serial killers by name [w] amazon
  WALKER Gary Alan USA ... ... ... 5
1984 OK
Prior to embarkation on a spree of rape and murder, Gary Walker managed to compile a record of convictions spanning fifteen years, with charges that included auto theft, burglary, narcotics abuse and firearms violations. As Walker described his own life, "I haven't spent a full year out of jail since I was seventeen years old." Nor was he any stranger to mental institutions. While confined in the Oklahoma state prison, between 1977 and 1980, Walker was sent to the state hospital at Vinita on three occasions. One psychiatric report indicates that he sometimes entered mental health facilities "to hide from law enforcement officers." Along the way, Walker had sampled therapy, drugs, and electric shock treatments. Released from a federal lockup on February 7, 1984, on charges of prison escape and firearms violations, Gary had spent the final months of his term at the Federal Medical Facility in Springfield, Missouri. According to the staff, Walker's dead brother had been "speaking" to him; diagnosed as paranoid and schizophrenic, he was still eligible for parole. On May 7, 1984, Eddie Cash, age 63, was found dead at his home in Broken Arrow, Oklahoma, a suburb of Tulsa. His van was missing when the body was discovered, bludgeoned with a brick, the electric cord from a vacuum cleaner wrapped around his neck. That evening, 36-year-old Margaret Bell vanished, with her car, from a Porteau, Oklahoma, tavern. She was reported missing on May 8, but police had no reason to connect the crimes, so far. On May 14, Jayne Hilburn, 35, was strangled in her home at Vinita, forty-five miles Northeast of Tulsa; her classic black Camaro was reported stolen from the scene. Next day, a young woman in Oakhurst -- a Tulsa suburb -- accepted a ride from the bushy-haired driver of a black Camaro. He introduced himself as "Gary Edwards" before pulling a knife and demanding that she shed her pants. The woman managed to escape unharmed, and told her story to police. Five days later, in Skiatook, another Tulsa suburb, the same man abducted a 17-year-old girl, raping her at knifepoint before she scrambled free of his Camaro. The car was found abandoned on May 22, indicating that the killer rapist might be searching for another set of wheels. On May 23, 32-year-old Janet Jewell disappeared near Beggs, Oklahoma, en route to a job-hunting expedition in Tulsa. The next afternoon, Valerie Shaw-Hartzell, newscaster for a Tulsa radio station, vanished -- along with her pickup truck -- in the midst of her weekly shopping. On May 25, she was sighted at two different drive-up banks, in the company of an unidentified man, as she tried to cash personal checks. Unsuccessful in her first attempt, she obtained $500 at the second stop -- and then vanished. On May 26, a young woman was kidnapped at knifepoint from a bar in Vinita, the scene of Jayne Hilburn's murder. After being raped, she was released by her abductor and reported the crime to police. Her description of the rapist's pickup matched the missing radio announcer's vehicle, and its new driver was belatedly traced to a local motel, where he had registered as "Dana Ray." The case "broke" on May 28, when agents of the Oklahoma State Bureau of Investigation announced that fingerprints recovered from Jayne Hilburn's Camaro had been positively identified. They belonged to ex-convict Gary Walker, now suspected in a string of violent crimes around the state. On May 29, surviving victims from Oakhurst, Skiatook, and Vinita chimed in with identifications of Walker's prison mug shots, and the hunt was on. The next day, in Van Buren, Arkansas, a knife-wielding "madman" invaded a home and abducted two girls, taking them on a wild twenty-minute ride in their own car. He talked incessantly about the urgent need of finding "a deserted road," but the hostages escaped before he found a likely killing ground. On May 31, the girls identified Gary Walker as their abductor. On the morning of June 2, Walker barged into another Van Buren home, threatening the female tenants with a pistol and escaping in their car. By noon, they had identified his photograph, and new alerts were issued in the Tulsa area, as homicide investigators braced themselves for Walker's possible return. That evening, a tip led officers to stake out a shabby mobile home, and Walker was captured at 10:45 p.m., approaching the trailer with two other men. In custody, the transient slayer launched his marathon confession with a feeble plea for sympathy: "I'm sorry I killed five people, okay?" Over the next six days, Walker directed police to the bodies of missing victims Janet Jewell (near Beggs), Valerie Shaw-Hartzell (near Claremore, east of Tulsa), and Margaret Bell (in an old barn near Princeton, Kentucky). In 1985, Walker was convicted on five counts of murder and sentenced to die. (An eerie reminder of Walker's case returned to haunt Oklahoma lawmen in 1986. On June 6, the lifeless body of Deronda Roy, age 24, was recovered from a rainswept forest between Claremore and Tulsa. Nude, except for stockings and the bra that had been used as a garrote, her corpse was bruised and marked with burns inflicted by a cigarette. The victim's last known companion had been Marshall Cummings, Jr., an ex-convict and one of the men arrested with Gary Walker on June 2, 1984. In early 1987, Cummings pled guilty to second-degree murder and was sentenced to 25 years in prison.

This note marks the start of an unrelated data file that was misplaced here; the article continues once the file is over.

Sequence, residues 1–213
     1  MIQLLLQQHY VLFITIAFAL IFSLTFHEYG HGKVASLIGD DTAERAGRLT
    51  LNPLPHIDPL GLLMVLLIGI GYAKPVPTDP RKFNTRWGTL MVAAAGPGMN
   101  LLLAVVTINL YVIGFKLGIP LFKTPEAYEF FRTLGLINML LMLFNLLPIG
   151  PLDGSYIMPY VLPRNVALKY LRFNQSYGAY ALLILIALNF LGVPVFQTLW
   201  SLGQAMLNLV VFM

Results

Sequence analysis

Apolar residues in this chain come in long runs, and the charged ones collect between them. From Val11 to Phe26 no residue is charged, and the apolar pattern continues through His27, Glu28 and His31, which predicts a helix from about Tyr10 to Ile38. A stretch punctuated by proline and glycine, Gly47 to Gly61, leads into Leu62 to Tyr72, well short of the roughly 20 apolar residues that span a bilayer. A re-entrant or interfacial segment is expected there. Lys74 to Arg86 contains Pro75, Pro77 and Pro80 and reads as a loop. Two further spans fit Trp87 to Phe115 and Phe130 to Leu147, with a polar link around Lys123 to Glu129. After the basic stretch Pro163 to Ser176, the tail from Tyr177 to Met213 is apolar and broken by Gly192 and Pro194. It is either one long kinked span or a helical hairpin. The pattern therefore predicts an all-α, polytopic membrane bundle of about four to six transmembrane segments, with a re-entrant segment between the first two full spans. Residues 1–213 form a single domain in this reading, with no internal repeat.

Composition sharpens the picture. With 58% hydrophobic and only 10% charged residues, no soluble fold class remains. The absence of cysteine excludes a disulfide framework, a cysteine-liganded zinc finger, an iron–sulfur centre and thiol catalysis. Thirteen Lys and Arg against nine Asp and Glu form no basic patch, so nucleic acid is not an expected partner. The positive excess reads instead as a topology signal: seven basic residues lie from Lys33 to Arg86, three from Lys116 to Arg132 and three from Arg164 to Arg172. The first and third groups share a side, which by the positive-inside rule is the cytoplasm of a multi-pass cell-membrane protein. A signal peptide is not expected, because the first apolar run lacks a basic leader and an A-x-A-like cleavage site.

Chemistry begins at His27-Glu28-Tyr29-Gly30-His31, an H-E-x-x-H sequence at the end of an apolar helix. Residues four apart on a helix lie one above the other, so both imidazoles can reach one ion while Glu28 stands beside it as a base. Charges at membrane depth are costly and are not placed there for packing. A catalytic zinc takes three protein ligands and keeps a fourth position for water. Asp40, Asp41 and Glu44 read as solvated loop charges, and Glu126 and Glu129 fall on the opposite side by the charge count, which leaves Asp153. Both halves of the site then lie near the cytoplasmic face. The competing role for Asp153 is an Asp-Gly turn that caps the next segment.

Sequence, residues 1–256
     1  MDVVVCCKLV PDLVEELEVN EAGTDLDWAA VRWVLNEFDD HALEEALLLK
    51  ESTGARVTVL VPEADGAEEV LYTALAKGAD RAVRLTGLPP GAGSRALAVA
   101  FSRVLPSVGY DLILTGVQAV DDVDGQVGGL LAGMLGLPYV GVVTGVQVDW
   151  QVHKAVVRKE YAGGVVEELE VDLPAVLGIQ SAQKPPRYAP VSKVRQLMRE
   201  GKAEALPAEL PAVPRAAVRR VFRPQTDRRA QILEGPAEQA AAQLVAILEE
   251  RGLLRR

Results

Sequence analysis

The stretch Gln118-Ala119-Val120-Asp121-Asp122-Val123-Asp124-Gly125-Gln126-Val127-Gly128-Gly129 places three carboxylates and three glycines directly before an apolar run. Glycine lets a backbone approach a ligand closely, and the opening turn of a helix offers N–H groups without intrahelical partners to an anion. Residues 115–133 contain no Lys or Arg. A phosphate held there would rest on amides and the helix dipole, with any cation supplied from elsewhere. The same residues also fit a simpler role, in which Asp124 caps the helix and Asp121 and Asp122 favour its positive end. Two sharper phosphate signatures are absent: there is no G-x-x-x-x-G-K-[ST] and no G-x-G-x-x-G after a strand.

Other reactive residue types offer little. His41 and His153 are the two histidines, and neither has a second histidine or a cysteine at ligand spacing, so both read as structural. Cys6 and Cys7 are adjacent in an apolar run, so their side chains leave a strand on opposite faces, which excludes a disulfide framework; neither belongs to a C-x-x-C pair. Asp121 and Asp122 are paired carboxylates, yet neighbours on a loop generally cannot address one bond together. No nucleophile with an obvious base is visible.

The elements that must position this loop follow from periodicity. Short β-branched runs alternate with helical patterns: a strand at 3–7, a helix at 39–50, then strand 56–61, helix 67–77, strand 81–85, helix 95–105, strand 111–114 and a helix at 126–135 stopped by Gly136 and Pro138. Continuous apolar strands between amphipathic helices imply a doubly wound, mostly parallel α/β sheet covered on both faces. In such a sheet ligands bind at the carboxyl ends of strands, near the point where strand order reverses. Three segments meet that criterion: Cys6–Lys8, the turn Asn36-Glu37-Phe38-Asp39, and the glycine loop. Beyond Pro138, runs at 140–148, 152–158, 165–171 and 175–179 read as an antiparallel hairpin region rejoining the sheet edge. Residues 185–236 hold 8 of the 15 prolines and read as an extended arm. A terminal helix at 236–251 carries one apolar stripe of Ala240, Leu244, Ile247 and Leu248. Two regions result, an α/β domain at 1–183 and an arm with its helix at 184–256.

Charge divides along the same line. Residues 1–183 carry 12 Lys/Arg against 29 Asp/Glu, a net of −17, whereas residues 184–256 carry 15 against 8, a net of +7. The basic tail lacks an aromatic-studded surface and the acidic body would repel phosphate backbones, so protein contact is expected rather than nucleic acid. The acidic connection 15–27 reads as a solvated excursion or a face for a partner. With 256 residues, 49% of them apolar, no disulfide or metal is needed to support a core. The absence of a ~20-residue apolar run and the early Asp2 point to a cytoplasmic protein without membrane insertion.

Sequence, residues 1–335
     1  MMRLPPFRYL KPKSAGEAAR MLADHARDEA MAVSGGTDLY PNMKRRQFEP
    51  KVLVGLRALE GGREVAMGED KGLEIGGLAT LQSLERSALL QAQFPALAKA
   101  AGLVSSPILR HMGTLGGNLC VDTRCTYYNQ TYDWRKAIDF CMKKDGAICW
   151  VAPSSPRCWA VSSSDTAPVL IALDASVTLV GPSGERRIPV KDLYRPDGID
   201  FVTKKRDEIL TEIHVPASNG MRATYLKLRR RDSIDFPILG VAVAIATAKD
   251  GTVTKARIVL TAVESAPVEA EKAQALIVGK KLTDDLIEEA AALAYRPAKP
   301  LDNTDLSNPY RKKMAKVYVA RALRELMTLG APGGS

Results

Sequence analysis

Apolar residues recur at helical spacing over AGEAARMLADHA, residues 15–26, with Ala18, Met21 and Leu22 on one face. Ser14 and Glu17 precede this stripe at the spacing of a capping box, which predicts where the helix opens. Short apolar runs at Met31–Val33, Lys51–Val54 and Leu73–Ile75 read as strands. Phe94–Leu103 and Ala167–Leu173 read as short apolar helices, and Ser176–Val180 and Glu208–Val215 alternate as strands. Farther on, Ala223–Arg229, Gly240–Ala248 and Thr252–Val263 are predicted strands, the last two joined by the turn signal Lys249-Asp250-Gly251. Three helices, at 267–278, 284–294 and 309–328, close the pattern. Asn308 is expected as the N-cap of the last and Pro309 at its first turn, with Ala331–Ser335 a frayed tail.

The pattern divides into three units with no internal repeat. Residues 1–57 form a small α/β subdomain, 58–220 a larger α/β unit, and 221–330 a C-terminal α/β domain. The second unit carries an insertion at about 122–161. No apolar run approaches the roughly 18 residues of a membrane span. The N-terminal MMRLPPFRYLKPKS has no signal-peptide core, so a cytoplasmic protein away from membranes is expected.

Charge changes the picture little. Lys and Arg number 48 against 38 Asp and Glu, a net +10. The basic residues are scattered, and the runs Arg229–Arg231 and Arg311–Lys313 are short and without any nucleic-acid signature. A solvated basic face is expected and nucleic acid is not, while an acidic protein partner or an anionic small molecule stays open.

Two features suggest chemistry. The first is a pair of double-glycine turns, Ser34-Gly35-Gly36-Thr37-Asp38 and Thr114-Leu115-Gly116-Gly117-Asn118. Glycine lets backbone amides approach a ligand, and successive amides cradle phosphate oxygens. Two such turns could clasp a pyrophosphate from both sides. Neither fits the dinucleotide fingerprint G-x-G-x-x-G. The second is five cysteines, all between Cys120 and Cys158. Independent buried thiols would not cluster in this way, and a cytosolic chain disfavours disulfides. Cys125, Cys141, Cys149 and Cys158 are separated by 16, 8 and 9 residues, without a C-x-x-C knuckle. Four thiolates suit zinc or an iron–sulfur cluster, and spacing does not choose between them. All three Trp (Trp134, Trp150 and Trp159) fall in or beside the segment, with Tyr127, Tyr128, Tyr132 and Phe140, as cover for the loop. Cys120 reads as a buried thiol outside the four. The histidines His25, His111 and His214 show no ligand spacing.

Copyright 1995-2005 by Elisabeth Wetsch
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